But photos and emails provided to the Weekly by a source at Occidental show that the locked workspace of the woman with whom Felch had become romantically involved, a professor, had been broken into just weeks before Felch was fired. The college source tells the Weekly that the professor's personal journal was stored in that workspace and included notes about her affair with Felch. After the break-in, journal pages detailing the affair were left splayed across the woman's desk.

An Occidental spokesman has vehemently denied the college having any involvement in the break-in.

According to Caroline Heldman, an associate professor of politics at Occidental who also heads up the Oxy Sexual Assault Coalition, which was founded in 2012 to push the school to change its sexual assault policies, the break-in wasn't the first.

"This was the fifth break-in for people who sourced Jason's story," she says.
click to enlarge A campus alert confirms a break-in being reported March 3.
  • A campus alert confirms a break-in being reported March 3.

In an alert sent March 3 to faculty and students by campus safety and obtained by the Weekly, the Occidental community was warned that the break-in had taken place.

There was no sign of forced entry, which suggests someone keyed into the workspace without the woman's permission. According to Shirley Deutsch, a veteran employment and labor attorney in Los Angeles, "An employer must have some compelling, exigent circumstance for allegedly breaking into an office - such as there's an earthquake and they have to get in there and save her. ... It's the equivalent to me of illegally eavesdropping, if somebody went into her journals. That is not supposed to happen to anyone at work."

Heldman alleges that the break-in fits a pattern of other surveillance conducted against sexual-assault activists - including reading their emails and checking their phones.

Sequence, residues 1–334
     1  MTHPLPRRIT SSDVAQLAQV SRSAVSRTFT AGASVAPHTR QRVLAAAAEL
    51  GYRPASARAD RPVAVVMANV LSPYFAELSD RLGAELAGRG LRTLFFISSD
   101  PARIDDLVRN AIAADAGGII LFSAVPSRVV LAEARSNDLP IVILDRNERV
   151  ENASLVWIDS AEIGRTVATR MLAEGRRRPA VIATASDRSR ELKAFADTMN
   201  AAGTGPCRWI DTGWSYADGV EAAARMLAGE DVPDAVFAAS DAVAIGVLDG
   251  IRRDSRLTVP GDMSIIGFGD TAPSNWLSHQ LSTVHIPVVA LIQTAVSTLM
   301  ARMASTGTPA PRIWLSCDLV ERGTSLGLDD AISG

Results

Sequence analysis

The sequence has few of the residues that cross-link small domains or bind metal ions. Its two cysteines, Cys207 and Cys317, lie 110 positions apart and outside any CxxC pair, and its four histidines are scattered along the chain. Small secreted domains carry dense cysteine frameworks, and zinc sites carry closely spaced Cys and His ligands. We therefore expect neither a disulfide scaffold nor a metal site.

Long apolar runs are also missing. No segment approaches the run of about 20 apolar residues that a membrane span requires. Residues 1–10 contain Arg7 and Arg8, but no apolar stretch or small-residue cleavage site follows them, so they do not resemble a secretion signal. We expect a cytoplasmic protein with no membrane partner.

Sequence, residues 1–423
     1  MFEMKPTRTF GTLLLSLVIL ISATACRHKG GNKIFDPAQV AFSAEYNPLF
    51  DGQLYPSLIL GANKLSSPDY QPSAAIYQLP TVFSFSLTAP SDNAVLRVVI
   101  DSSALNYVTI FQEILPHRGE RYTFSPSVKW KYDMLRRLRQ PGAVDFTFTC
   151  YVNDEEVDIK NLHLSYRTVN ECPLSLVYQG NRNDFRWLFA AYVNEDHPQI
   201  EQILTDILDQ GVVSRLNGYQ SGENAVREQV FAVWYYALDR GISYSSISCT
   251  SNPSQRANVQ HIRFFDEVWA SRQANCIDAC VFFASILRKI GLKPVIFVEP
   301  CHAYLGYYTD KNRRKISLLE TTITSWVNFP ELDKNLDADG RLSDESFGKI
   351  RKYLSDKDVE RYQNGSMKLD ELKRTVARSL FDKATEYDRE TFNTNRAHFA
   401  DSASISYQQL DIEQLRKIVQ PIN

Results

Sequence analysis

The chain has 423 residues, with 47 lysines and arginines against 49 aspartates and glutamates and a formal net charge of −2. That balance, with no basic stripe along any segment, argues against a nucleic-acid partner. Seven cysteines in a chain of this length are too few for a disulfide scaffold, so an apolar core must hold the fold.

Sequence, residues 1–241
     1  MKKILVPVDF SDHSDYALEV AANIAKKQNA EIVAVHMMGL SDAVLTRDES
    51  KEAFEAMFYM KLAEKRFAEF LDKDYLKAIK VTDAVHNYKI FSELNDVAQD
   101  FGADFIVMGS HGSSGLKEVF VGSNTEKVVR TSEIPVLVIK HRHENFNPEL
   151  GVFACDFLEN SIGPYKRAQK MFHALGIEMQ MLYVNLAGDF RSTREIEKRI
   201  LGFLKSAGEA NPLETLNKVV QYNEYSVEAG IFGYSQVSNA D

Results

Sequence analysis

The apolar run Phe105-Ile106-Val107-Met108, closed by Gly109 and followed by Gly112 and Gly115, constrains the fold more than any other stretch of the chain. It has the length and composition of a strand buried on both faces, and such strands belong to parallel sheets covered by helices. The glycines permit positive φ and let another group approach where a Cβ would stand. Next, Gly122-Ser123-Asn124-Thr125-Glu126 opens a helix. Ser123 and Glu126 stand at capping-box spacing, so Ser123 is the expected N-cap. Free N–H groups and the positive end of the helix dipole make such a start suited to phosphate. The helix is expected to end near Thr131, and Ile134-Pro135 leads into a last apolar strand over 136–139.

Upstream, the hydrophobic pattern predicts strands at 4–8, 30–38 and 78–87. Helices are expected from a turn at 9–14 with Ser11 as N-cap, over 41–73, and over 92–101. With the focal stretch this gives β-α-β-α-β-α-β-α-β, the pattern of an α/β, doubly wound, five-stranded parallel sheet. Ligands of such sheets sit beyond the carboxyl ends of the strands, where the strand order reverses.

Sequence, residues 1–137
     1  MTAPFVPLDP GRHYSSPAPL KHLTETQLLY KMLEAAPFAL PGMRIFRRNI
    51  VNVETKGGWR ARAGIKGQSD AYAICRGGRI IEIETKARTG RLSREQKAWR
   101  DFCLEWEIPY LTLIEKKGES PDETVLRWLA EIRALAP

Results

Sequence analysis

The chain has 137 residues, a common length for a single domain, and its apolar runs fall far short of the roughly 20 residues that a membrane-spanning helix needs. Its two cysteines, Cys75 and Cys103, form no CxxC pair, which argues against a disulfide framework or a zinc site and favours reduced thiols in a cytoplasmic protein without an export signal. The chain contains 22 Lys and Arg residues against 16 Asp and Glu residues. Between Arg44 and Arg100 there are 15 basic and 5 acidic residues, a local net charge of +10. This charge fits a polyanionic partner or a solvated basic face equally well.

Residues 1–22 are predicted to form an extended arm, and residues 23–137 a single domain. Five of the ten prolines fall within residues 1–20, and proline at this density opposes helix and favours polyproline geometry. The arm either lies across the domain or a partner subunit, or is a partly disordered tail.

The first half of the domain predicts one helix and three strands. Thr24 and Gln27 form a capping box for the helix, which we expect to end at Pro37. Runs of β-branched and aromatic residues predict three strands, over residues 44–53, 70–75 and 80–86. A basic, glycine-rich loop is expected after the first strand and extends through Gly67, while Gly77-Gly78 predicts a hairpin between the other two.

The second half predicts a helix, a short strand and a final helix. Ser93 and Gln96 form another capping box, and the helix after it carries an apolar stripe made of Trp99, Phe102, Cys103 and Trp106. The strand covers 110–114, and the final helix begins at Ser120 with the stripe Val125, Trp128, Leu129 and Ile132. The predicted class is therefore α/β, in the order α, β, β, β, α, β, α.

"This sort of stalking has become so normal for us that, prior to Jason Felch's life getting destroyed, we had a good laugh after discovering these pranks," she says. "Obviously, we're not laughing now."

The break-in wasn't the only issue of concern on Oxy's campus. The Weekly has also learned that, in the months leading up to his firing, Felch was working on two highly controversial stories about Occidental. One involved John Sweet, a former longtime Oxy athletic trainer accused of sexually assaulting and harassing both male and female students - an issue aired in the campus newspaper, Occidental Weekly, which never gained major public attention. Coverage in the Times, surely, would have changed that.

The other article involved what some critics call extraordinarily lenient sanctions handed out by Oxy officials to young men found by the college to be responsible for rape - some of whom were allowed back on campus.

In firing Felch, Maharaj called his personal entanglement "a professional lapse of the kind that no news organization can tolerate." The editor claimed, "Felch acknowledged that, after the relationship ended, he continued to use the person as a source for future articles."

Felch fired back in a statement to the Weekly and other media outlets, saying, "When the relationship began, I stopped relying on the person as a source."

According to another source close to this issue, Felch's editors at the Times, including Maharaj, knew he was working on both the Sweet story and the sanctions story at the time of his firing.

Turn the page for more, including information about the disputed sexual assaults.